Reviewed: September 23, 2004
Reviewed by: Mahamari Tsukitaka

Electronic Arts


Released: September 14, 2004
Genre: Simulation
Players: 1
ESRB: Teen


System Requirements
If you have a T&L capable video card with at least 32 MB of video RAM then you need at least:

  • Windows XP, ME, 98 or 2000
  • 800 MHz processor or better
  • 256 MB RAM
  • At least 3.5 GB of hard drive space

    If you have a non-T&L capable video card (an Intel Extreme Graphics or a Radeon 7000/VE Series) then you need at least:

  • Windows XP, ME, 98 or 2000
  • 2.0 GHz processor or better
  • 256 MB RAM
  • At least 3.5 GB of hard drive space

  • Itís been a while since the original The Sims came out, which surprised many of us by taking the game world by storm with its quirky humor and unique gameplay. Since then, The Sims has become the most popular game ever sold, so it wasnít a surprise when Maxis announced the development of the sequel, The Sims 2.

    Fortunately for fans of The Sims, its newer counterpart does not fail to deliver. From the remarkable customizability in character creation and incredible level of graphic detail, to the increased complexity of Sim interactions and addition of long-term goals, The Sims 2 proves itself to be a worthy follow-up to its acclaimed predecessor.

    The Sims 2 interface is fairly similar to that of the first game, and those who have played The Sims shouldnít have any difficulty adjusting to the additions made to the game. Those who havenít ever touched the game should also have an easy time learning the ropes, since the controls are fairly simple, and the game includes a little tutorial to teach new players how to get started.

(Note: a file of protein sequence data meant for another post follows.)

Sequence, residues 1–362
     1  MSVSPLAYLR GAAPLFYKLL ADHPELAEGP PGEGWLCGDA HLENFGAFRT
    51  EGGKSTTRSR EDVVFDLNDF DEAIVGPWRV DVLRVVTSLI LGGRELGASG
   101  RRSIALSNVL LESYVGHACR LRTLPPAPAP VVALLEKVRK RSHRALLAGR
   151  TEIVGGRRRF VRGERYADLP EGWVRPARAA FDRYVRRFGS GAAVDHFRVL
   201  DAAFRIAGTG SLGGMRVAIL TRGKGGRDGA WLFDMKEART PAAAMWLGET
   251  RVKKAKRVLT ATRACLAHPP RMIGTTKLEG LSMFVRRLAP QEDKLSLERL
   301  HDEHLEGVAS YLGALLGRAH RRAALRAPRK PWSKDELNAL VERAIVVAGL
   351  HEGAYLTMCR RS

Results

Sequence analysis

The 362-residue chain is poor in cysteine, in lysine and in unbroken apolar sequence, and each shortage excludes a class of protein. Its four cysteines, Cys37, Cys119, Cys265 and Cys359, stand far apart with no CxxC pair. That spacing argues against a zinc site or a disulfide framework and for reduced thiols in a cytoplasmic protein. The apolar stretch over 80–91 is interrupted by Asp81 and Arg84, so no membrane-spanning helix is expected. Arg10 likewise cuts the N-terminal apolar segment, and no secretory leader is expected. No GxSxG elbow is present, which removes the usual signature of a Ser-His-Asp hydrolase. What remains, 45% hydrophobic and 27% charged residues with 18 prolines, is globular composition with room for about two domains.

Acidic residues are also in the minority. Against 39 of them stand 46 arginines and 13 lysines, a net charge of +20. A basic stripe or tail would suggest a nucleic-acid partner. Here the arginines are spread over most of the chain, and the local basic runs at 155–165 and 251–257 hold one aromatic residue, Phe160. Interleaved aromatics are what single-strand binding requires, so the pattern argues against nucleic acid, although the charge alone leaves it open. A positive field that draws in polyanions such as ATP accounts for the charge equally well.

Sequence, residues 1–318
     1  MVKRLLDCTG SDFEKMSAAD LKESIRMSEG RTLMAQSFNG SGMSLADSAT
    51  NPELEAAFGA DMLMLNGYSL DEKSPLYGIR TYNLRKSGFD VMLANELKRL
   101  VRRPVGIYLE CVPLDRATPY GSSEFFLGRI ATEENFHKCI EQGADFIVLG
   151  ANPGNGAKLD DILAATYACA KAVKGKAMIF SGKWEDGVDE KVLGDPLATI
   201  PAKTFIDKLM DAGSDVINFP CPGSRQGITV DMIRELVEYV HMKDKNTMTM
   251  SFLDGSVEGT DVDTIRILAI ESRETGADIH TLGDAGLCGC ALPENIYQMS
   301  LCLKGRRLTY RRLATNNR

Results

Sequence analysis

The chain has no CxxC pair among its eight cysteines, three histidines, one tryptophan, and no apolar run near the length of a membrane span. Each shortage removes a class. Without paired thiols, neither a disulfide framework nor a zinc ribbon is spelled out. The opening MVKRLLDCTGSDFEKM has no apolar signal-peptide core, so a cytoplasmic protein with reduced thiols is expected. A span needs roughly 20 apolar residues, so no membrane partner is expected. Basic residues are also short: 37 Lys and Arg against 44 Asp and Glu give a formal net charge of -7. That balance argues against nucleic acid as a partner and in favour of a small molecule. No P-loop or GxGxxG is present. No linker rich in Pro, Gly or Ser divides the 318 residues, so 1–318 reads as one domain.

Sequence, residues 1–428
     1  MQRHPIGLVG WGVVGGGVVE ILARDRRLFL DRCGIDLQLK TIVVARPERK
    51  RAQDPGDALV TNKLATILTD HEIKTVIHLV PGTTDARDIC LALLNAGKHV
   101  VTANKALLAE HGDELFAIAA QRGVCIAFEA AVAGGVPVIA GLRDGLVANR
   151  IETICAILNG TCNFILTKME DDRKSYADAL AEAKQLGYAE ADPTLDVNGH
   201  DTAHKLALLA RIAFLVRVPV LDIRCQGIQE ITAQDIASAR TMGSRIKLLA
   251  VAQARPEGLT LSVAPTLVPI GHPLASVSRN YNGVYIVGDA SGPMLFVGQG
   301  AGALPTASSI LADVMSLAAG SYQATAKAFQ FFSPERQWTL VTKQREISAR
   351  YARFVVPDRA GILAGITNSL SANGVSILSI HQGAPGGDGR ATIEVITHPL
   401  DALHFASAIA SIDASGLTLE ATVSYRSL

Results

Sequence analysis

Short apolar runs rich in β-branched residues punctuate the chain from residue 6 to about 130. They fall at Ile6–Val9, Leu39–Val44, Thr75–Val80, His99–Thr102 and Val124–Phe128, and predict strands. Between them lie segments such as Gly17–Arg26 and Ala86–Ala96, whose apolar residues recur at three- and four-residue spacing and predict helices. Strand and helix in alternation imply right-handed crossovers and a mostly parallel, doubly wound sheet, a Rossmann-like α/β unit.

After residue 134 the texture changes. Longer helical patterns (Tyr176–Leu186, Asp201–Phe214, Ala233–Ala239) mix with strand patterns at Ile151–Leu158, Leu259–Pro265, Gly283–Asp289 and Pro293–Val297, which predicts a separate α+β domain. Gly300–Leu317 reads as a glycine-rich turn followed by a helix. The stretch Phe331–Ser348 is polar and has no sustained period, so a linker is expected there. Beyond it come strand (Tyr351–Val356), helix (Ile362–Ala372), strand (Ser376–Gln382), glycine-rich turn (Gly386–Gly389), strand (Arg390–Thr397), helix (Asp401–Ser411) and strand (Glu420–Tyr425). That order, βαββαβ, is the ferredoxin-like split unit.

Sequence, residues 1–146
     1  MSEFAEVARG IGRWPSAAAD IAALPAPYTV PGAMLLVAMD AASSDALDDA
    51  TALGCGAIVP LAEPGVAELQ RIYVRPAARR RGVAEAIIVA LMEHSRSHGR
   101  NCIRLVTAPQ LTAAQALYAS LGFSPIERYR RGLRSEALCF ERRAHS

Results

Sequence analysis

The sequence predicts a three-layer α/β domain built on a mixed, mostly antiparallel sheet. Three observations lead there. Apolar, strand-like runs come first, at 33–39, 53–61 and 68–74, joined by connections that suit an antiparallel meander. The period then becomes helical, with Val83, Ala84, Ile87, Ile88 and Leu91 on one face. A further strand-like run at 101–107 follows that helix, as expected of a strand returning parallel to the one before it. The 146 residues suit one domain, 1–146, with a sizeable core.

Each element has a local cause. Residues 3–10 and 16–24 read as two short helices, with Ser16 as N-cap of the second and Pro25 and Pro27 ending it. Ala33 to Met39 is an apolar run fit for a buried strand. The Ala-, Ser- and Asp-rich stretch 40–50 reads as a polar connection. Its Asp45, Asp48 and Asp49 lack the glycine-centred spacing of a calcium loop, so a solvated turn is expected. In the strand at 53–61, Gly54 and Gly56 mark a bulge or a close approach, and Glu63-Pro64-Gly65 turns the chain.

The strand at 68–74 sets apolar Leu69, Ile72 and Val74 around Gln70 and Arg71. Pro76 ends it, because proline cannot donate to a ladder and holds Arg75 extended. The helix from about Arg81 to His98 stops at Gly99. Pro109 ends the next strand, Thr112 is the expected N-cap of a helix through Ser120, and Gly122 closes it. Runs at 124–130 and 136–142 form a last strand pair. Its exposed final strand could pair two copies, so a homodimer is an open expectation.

The fun starts with the creation of your Sim family. As with the previous The Sims, you have a choice of skin tones, facial features, and clothing. The Sims 2, however, takes customization to a new level by allowing you to fine-tune your Simís appearance and define his or her genetic traits, which, in turn, can eventually be passed on to offspring. This time around, you have the ability to tweak virtually every detail of your Simís facial structureóthe color and shape of the eyes, the hairstyle, the narrowness of the noseóall of these features and more can be altered to your heartís desire.

    If youíre not the type to spend a lot of time sculpting a particular characterís appearance, though, donít worry; thereís also a handy randomize option and plenty of pre-made head-types to choose from. Conversely, if customization is your favorite part of the game, youíre in luck because the game comes prepackaged with The Sims 2 Body Shop, a useful little application that, in conjunction with your favorite image-editing software, makes creating custom genetic traits and clothing a piece of cake.

    House-building and home-furnishing, too, are much improved. In The Sims 2, players are no longer limited to building two-story houses, and sprawling, multi-level mansions with attics are now possible. Windows (and curtains) and doors can be placed on diagonal walls. Yards can include ponds decorated with water lilies and cattails. And, to the delight of many a fan, furniture and appliances now come in several different finishes and patterns, so that you can finally get that kitchen counter to match your new bright-orange fridge.

    From the moment you move your Sims into their house, the drama unfolds as each Simís personality comes alive in an entertaining caricature of human life. Family members wave to each other as they pass each other in the halls, playful Sims mischievously splash their friends in the hot tub, and kids jump up and down on the sofa for fun. Ill-mannered Sims may spit on another Simís shoe just to gross someone out. As before, thereís no overarching objective that you need to accomplish as a player, and just observing your Simsí idiosyncratic behaviors can be a lot of fun. If youíre the goal-oriented type, though, you can easily keep yourself occupied by advancing your Sims up the career ladder of your choice and helping your Sims reach their life aspirations by fulfilling their wants and avoiding their fears.